Academic journal article Journal of Marriage and Family

Searching for Wages and Mothering from Afar: The Case of Honduran Transnational Families

Academic journal article Journal of Marriage and Family

Searching for Wages and Mothering from Afar: The Case of Honduran Transnational Families

Article excerpt

This article draws on data from a 2-year two-country study that included 157 people to explore the survival strategies of poor Honduran transnational families. I argue that transnational families, defined as those divided between two nation-states who have maintained close ties, depend on a cross-border division of labor in which productive labor occurs in the host country and reproductive labor in the home country. This article bridges the literatures on transnationalism and families. The transnationalism literature tends to focus on macro processes, whereas the literature on families assumes proximity. This research helps fill the gap in both literatures, exposing the ways in which processes of economic globalization have radically altered family form and function.

Key Words: carework, family, globalization, Honduras, immigration, transnationalism.

Rosalia is a Honduran mother of five. She has been in the United States for 6 years, and her husband Ernesto and her three children for 4 1/2. Rosalia came to the United Sates from Honduras on a tourist visa as part of a religious delegation sponsored by a New England church. Her family's situation in Honduras at that time was dire. She was working part time managing the upkeep of a local church while Ernesto worked as a bus driver. But even with both of them working, they were barely scraping by, and the opportunities for mobility, especially for their children, appeared severely limited. They had talked for years about making the risky trip north to the United States to seek a better future. Rosalia's church trip proved the perfect opportunity. When the religious delegation was over, Rosalia did not return to Honduras. Instead, she slipped away to the house of a Honduran friend in Boston, with whom she stayed while working a patchwork of jobs to save the money to bring her family across the border. With help from family and kin, within a year and a half, Rosalia was able to support her husband and three youngest children's illegal journey to the United States.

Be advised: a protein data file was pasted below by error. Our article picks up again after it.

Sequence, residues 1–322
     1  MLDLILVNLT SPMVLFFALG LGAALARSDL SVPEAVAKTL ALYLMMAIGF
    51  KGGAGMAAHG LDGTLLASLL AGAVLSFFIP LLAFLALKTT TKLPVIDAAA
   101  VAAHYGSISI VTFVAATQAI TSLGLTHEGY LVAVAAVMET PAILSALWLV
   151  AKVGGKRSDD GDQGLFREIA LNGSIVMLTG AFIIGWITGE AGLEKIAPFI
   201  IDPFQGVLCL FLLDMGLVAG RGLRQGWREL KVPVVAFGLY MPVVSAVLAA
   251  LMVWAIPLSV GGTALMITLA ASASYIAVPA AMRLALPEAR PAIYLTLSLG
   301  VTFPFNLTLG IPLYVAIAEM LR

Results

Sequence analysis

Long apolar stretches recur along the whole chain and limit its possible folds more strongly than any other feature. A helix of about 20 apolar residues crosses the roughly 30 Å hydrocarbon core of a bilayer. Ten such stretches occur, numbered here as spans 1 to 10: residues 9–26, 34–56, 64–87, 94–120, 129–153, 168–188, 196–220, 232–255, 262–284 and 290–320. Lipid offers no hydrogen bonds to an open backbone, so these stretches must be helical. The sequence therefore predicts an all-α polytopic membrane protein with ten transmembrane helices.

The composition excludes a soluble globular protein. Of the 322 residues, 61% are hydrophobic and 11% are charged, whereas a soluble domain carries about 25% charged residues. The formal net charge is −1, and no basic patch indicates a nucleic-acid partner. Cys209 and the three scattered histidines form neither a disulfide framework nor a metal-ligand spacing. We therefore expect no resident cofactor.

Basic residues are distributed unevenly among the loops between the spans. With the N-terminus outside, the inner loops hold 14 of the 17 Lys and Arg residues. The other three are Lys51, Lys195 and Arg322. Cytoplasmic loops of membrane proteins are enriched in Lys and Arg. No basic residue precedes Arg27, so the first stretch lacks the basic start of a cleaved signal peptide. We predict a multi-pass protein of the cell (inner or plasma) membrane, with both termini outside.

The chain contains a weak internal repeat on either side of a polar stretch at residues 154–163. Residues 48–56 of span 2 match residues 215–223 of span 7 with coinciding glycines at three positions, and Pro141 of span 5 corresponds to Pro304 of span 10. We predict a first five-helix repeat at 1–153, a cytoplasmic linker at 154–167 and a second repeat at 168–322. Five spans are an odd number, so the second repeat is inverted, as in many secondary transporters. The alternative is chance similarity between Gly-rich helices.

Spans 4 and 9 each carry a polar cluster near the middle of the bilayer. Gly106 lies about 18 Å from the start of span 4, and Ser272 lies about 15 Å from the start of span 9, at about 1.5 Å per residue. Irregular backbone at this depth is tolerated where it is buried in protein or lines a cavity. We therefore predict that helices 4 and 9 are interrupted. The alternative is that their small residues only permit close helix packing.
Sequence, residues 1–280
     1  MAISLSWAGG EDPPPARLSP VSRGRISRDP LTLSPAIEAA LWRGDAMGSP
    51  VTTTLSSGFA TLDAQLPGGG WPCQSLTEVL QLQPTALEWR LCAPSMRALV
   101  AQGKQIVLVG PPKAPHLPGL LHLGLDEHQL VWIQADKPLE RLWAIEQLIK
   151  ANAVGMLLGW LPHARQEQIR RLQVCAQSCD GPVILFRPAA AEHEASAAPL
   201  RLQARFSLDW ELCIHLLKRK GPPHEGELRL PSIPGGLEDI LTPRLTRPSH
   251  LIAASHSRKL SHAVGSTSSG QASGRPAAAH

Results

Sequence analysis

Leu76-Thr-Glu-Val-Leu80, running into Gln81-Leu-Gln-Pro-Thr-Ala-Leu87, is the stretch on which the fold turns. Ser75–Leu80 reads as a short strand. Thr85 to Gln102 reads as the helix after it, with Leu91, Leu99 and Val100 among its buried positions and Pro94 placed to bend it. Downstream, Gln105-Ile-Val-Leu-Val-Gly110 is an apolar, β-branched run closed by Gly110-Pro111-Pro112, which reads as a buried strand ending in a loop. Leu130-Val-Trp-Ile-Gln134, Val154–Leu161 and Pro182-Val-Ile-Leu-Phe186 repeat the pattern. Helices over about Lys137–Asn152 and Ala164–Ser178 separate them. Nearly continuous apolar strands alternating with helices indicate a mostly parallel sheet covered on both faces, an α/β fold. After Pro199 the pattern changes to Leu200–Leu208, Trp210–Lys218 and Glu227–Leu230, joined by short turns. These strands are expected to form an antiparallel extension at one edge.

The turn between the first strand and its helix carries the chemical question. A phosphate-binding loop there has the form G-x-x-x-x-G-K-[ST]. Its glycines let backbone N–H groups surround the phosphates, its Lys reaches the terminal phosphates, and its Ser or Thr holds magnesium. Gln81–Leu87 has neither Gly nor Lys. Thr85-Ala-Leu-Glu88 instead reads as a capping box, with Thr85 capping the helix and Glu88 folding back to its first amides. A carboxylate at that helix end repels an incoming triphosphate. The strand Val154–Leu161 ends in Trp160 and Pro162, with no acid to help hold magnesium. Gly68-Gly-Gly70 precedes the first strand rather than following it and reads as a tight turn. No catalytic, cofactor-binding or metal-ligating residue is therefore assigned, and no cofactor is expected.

Rosalia and Ernesto's two oldest children remain in Honduras. They make do without their mother and father, for the most part understanding their parents' need to go north and the logic of bringing only the youngest children who could still benefit from a U.S. education along with them. One of Rosalia and Ernesto's oldest children, Magda, had been unemployed since the factory where she had worked for 3 years closed down. Perhaps the closing was a blessing, because soon after, Rosalia left for the States and Magda was made to care for her young sisters and brothers. Without Magda's help, Rosalia never would have been able to leave. Magda's brother Franklin drives a taxi. He harbors some anger toward his parents for leaving, but remains committed to their family. On his slim income alone, they would not be able to meet even their most basic needs. Yet with the remittances they receive from their parents, they are able to get by. They have paid off the family's debts and they recently bought a refrigerator for the kitchen, and a television, which, when they can get it to work, allows them to bond with their parents and siblings by watching the same telenovelas. Rosalia and Ernesto's family has not been together for 6 years, but they try to maintain closeness via weekly phone calls and a shared understanding that being apart is the only way for them to make ends meet.

The family of Rosalia and Ernesto is typical of many Honduran families who, on account of financial hardship and limited opportunities in Honduras, have transnationalized, negotiating the economic opportunity structures of two nation-states to sustain themselves economically and to pursue their hopes for a better future. Although divided by thousands of miles and by politics and culture, many transnational families maintain close ties across the distance (Bryceson & Vuorela, 2002; Chavcz, 1998). These families vary by race, class, and nation. …

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